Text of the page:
An Interview with Asaf Romirowsky on the Palestinian Predicament
It’s become clear we’re never going to solve the Israeli-Palestinian conflict until we first resolve the fake refugee fiasco. I turned to noted ME scholar and director of Scholars for Peace in the Middle East Asaf Romirowsky to gain his thoughts on why being a Palestinian is such a badge of honor.
So Asaf, you’ve spent much of your life’s work researching the feckless maneuverings of the UN and especially the United Nations Relief and Works Agency (UNRWA). What is your take on the Right of Return fiasco the Palestinians drive when no other refugee in the world has a lock on inner-generational status?
Romirowsky: A few thoughts to consider when you think about Palestinians. First, three core issues come into play. They are: 1) A shared capital, Jerusalem; 2) 67 borders; and 3) Right of Return. To understand the Palestinians steadfast claim to the Right of Return you have to understand it’s hardwired into Palestinian national identity. It means something in the Arab world to claim you are a Palestinian refugee. Palestinians wear this club association like a badge of honor. That’s why from [Gamel Abdel] Nasser in his day all the way up to [Osama] Bin Laden, belonging to the Palestinians has meant something. Palestinians entire existence is woven tightly into the narrative that the land was stolen from them and they’re just trying to recoup it. The way it plays out over six decades later is that Palestinians are staking a claim since they didn’t get awarded a chunk of land back in 1949, so they are now engaged in unilateral moves with the UN to make it happen.
Arab countries don’t seem interested in resolving the Palestinian refugee problem either. They’re quick to cast Israel as the Goliath yet not one has stepped forward in 64 years to tackle the issue head-on in a meaningful way.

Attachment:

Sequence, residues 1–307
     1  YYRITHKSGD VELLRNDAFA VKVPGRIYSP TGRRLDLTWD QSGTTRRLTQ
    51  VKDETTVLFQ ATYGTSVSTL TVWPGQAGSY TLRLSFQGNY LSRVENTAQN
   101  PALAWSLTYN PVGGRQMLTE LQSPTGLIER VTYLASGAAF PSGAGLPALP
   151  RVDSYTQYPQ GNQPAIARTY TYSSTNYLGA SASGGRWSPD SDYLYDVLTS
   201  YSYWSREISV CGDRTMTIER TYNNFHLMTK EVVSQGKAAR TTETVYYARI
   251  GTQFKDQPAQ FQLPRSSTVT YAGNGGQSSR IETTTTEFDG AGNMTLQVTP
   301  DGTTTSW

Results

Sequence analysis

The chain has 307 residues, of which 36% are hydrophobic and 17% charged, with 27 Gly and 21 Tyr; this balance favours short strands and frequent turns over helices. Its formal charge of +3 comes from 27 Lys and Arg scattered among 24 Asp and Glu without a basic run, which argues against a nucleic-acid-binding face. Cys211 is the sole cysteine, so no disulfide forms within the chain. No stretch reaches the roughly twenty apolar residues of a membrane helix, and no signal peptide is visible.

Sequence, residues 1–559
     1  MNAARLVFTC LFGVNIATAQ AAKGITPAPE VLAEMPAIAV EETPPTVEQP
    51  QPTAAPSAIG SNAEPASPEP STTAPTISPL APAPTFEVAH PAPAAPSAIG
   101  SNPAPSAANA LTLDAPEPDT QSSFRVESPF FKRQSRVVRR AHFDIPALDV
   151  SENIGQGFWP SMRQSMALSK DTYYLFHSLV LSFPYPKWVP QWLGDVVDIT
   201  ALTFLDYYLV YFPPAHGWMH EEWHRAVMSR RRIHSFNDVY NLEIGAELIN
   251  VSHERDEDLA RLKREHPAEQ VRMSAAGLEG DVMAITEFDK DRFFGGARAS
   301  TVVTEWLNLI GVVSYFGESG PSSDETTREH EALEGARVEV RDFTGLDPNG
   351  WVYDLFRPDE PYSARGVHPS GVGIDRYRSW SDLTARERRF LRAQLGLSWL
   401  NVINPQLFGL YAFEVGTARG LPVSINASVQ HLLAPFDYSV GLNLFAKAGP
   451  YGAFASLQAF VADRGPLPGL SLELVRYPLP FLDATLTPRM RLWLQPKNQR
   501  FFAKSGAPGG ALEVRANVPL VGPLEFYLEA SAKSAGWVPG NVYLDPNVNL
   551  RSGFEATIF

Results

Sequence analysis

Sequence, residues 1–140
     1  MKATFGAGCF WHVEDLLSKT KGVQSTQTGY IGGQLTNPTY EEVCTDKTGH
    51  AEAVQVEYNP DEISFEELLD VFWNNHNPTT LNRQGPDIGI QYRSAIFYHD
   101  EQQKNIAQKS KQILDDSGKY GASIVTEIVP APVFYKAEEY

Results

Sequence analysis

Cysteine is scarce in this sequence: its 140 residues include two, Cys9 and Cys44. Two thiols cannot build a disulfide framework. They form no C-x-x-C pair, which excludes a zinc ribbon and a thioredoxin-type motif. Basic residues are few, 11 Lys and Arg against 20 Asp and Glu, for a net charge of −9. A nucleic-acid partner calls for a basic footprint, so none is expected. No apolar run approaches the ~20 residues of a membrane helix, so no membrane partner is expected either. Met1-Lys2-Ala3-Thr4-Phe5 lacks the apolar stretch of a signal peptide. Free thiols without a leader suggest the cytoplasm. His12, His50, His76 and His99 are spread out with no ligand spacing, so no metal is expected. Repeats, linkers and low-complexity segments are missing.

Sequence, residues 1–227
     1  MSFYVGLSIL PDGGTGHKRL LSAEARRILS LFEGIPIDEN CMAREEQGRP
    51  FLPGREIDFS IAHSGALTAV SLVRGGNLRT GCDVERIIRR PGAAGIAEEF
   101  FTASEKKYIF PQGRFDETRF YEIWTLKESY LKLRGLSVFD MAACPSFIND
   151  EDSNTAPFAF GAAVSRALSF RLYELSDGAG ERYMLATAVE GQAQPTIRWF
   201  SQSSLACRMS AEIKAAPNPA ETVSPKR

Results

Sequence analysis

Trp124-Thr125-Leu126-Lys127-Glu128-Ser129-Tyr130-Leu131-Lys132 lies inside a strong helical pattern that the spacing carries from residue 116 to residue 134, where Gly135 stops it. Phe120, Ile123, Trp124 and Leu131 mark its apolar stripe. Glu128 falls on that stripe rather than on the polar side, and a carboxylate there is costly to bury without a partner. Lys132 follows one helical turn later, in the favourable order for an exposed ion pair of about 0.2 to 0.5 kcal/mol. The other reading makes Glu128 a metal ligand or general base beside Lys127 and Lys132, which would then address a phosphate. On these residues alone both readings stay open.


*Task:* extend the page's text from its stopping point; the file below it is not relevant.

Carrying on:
Romirowsky: Arab states have allocated some funds, but besides that it’s not necessarily in their best interest to resolve the refugee problem and repatriate Palestinians. Besides when Lebanon gave some Palestinians partial citizenship status, there has been no real move by Arab states to give Palestinians full citizenship. My entire work and focus has been on solving this issue. There is a historical side to why this issue is playing out and then there is a policy side that occurs in Washington. This means there is an inherent cognitive dissonance when you refer to the terms Palestinian “refugee.”
Would you say this same cognitive dissonance explains why a year can’t go by without Washington gutting its taxpayers to hand yet another multi-billion dollar dole to the Palestinians via PA President Mahmoud Abbas’s outstretched hand?
Romirowsky: The term refugee usually refers to individuals fleeing from their lives from hostile areas like Sudan, Somalia, Darfur and other war-torn areas of the world, and Washington doesn’t want to be in a position where it’s starving Palestinians.
Doesn’t that say something about the intelligence of our politicians when they label Palestinians as “starving” when the Economist reported (via data gathered between 1999 – 2003) that West Bank men and women rated number 8 and 3 respectively among the highest obesity in the world?
Romirowsky: Well, I wouldn’t say stupid, but the State Department has a certain degree of sympathy for the greater Arab cause and for the Palestinians. With the legislation occurring in the past 10 – 15 years, scholars have become astute at dissecting this issue and solving it. Steven J. Rosen and Daniel Pipes have taken it on via Senator Mark Kirk’s H.R. 5758 (Department of State, Foreign Operations, and Related Programs Act, 2013), and now people are starting to wake and realize Palestinians shouldn’t have any better status than any refugee group in the world.